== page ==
Meet the Pioneering Couple Who Introduced Olive Growing to One Greek Island

When Tassis and Rena Laskaridis settled in Lemnos 15 years ago, there were few olive trees around.
Ktima Olon (Photo: Nikos Karanikolas)
By Costas Vasilopoulos
Jul. 29, 2022 14:32 UTC

When Tassis and Rena Laskaridis relo­cated from Athens to the north­ern Aegean island of Lemnos in 2007, they were sur­prised by how few olive trees grew on the island.

Though they had no pre­vi­ous expe­ri­ence in agri­cul­ture (Tassis was a retired archi­tect and Rena, a French teacher) they decided to use their land to start Lemnos’ first olive grove.

There were vir­tu­ally no olive trees on the island at the time, and we were curi­ous to see whether Lemnos could pro­duce qual­ity olive oil,” Rena told Olive Oil Times. We planted 300 olive trees, and the out­come was sur­pris­ingly sat­is­fy­ing.”

Today, the cou­ple pro­duces olive oil at the pri­vately-owned mill they built on Lemnos from hand-picked olives on their farm near the vil­lage of Kontias.

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We are expand­ing, and we cur­rently grow 1,850 olive trees at our Ktima Olon farm,” Laskaridis said. We pro­duce a pre­mium, early-har­vested and unfil­tered organic extra vir­gin olive oil.”

The har­vest is done by hand in October, and we process the olives within a few hours,” she added. The spe­cial­ized equip­ment we use deliv­ers a clear oil, free of impu­ri­ties, so there is no need to sub­mit it to fil­tra­tion.”

We mar­ket our oil in Greece, mainly Athens and Thessaloniki, and locally on the island,” she con­tin­ued. We also export to Finland and are cur­rently nego­ti­at­ing to start export­ing to France and the United Kingdom.”


Tassis and Rena Laskaridis

Laskaridis said the olive oil of Ktima Olon is high in polyphe­nols, bear­ing a health claim that meets the E.U. reg­u­la­tion 432/2012 require­ments.

The reg­u­la­tion spec­i­fies that olive oils con­tain­ing a cer­tain amount of polyphe­nols – at least 5 mil­ligrams per 20 grams of olive oil – can con­tribute to the pro­tec­tion of blood lipids from oxida­tive stress.

However, the far­m’s Throumbolia cul­ti­var, which the cou­ple used to com­ple­ment the Koroneiki, Adramytini and Manaki trees they had ini­tially planted, has proven to be a real game-changer.

The Throumbolia trees turned out to be very pro­duc­tive on Lemnos, equal to the Koroneiki trees,” Laskaridis said. The olives of this cul­ti­var con­tain 20 to 28 per­cent oil with excel­lent organolep­tic char­ac­ter­is­tics.”

Yiorgos Kostelenos, an agron­o­mist spe­cial­iz­ing in Greek olive vari­eties from the Peloponnese who sup­plied the Laskaridis cou­ple with the trees for their olive grove, said that Throumbolia is a promi­nent cul­ti­var, well-suited for the weather con­di­tions pre­vail­ing in the Aegean Sea.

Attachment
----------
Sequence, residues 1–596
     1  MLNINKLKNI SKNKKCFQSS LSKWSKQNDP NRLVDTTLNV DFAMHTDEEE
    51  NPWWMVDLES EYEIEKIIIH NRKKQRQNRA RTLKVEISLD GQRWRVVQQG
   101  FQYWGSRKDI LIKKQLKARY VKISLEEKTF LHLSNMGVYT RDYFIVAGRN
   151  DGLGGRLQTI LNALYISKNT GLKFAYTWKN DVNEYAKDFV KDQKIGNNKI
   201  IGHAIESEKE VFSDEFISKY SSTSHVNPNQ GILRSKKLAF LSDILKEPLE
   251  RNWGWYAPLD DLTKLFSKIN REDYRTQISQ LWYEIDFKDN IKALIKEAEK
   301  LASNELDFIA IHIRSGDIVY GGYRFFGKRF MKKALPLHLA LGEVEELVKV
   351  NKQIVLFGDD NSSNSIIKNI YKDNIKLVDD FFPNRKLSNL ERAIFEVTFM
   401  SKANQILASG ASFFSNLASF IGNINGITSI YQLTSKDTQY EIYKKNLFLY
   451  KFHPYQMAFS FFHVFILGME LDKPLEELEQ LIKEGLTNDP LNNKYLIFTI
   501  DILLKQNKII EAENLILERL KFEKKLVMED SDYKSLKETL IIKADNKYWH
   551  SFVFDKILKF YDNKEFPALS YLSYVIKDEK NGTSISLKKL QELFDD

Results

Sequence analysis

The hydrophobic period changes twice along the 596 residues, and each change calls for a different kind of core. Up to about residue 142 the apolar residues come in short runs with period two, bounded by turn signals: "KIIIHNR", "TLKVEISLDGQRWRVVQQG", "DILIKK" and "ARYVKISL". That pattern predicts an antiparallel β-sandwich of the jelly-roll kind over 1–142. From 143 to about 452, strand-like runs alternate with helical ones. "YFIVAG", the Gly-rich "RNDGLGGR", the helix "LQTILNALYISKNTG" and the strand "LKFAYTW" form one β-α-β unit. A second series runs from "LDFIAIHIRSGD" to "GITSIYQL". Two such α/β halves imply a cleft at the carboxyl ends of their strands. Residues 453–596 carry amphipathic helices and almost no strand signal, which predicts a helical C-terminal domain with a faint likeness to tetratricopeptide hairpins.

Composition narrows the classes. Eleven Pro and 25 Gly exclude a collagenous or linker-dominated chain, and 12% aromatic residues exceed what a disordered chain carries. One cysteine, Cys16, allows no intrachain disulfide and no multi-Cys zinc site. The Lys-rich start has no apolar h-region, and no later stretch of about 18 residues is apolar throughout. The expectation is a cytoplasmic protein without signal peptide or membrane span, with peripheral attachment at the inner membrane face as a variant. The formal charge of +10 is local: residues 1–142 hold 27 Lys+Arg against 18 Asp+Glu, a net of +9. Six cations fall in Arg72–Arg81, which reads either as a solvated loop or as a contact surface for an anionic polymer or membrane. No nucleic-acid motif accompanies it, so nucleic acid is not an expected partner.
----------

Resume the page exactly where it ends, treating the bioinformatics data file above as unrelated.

The olive grove of Ktima Olon

Throumbolia is endemic to the islands of the Aegean,” Kostelenos told Olive Oil Times. The oil extracted from Throumbolia olives is rich in phe­no­lic com­pounds, espe­cially those that exist in lower quan­ti­ties in other cul­ti­vars such as the Oleokoronal.”

However, the olives of the vari­ety are prone to fruit fly infec­tion,” he added. Therefore, the strong Etesian winds that con­tin­u­ously buf­fet the islands of the arch­i­pel­ago cre­ate the per­fect habi­tat for Throumbolia trees because they keep the humid­ity lev­els low and pre­vent the pest from mul­ti­ply­ing.”

There is a 6,000-year-old Throumbolia tree in Naxos, right at the cen­ter of the Aegean Sea, which still bears fruit,” Kostelenos con­tin­ued.


Tassis Laskaridis with visitors at the mill

Having found solid ground in olive farm­ing, Ktima Olon has evolved into a fully-fledged agri­tourism estab­lish­ment accept­ing vis­i­tors look­ing to expe­ri­ence the allure of stay­ing on a farm and learn­ing about olive trees and olive oil.

Apart from olive trees, the own­ers grow var­i­ous other fruits and veg­eta­bles on their farm. They also keep a small num­ber of domes­tic ani­mals to obtain the milk for the tra­di­tional cheeses of Lemnos they pro­duce, the Melichloro and the Kalathaki.

Tassis and Rena Laskaridis advise their guests to add a cou­ple of table­spoons of the extra vir­gin olive oil of Ktima Olon to their meals to taste the oil’s fruity fla­vor and ben­e­fit from its nutri­tional prop­er­ties.

We rec­om­mend con­sum­ing it raw in the morn­ing, on sal­ads, or with boiled and grilled veg­eta­bles and roasted meat,” they said. The mildly bit­ter after­taste you may sense is the result of the low oil’s acid­ity, and a slight burn in your throat is caused by the ben­e­fi­cial com­pounds in our olive oil.”

The Laskaridis cou­ple’s suc­cess­ful olive oil ven­ture has also moti­vated other farm­ers on the island to switch to olive farm­ing. Rena Laskaridis esti­mated that around 70,000 olive trees are cur­rently cul­ti­vated on Lemnos.

We are excited to see Lemnos among the olive oil-pro­duc­ing ter­ri­to­ries of Greece,” the cou­ple con­cluded. Our dream is to be able to main­tain and improve [our farm] and at the same time enter the olive oil mar­kets more strongly.”


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